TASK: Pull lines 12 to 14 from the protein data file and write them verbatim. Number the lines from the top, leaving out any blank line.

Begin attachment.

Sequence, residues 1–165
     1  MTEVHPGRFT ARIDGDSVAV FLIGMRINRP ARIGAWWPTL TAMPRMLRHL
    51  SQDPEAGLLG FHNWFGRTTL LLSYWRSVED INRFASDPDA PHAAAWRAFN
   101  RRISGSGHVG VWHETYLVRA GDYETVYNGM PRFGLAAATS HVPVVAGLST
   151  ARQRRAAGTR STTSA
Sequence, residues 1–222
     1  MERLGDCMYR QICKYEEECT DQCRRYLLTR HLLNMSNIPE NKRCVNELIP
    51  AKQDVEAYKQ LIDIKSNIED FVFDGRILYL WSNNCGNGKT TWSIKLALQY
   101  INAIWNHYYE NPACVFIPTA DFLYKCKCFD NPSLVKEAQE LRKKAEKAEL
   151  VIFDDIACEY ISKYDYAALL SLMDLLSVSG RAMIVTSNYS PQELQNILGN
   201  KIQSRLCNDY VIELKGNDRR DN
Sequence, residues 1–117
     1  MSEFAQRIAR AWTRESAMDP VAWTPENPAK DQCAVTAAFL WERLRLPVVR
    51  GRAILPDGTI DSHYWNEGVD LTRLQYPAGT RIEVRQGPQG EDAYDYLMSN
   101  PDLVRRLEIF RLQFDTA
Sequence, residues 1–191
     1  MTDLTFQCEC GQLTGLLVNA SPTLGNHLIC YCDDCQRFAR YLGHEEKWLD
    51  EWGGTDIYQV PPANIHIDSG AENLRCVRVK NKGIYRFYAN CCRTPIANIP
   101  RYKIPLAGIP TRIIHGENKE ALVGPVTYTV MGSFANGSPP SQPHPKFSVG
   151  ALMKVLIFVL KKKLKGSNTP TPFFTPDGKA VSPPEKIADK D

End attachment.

Sequence, residues 1–117
     1  MSEFAQRIAR AWTRESAMDP VAWTPENPAK DQCAVTAAFL WERLRLPVVR
    51  GRAILPDGTI DSHYWNEGVD LTRLQYPAGT RIEVRQGPQG EDAYDYLMSN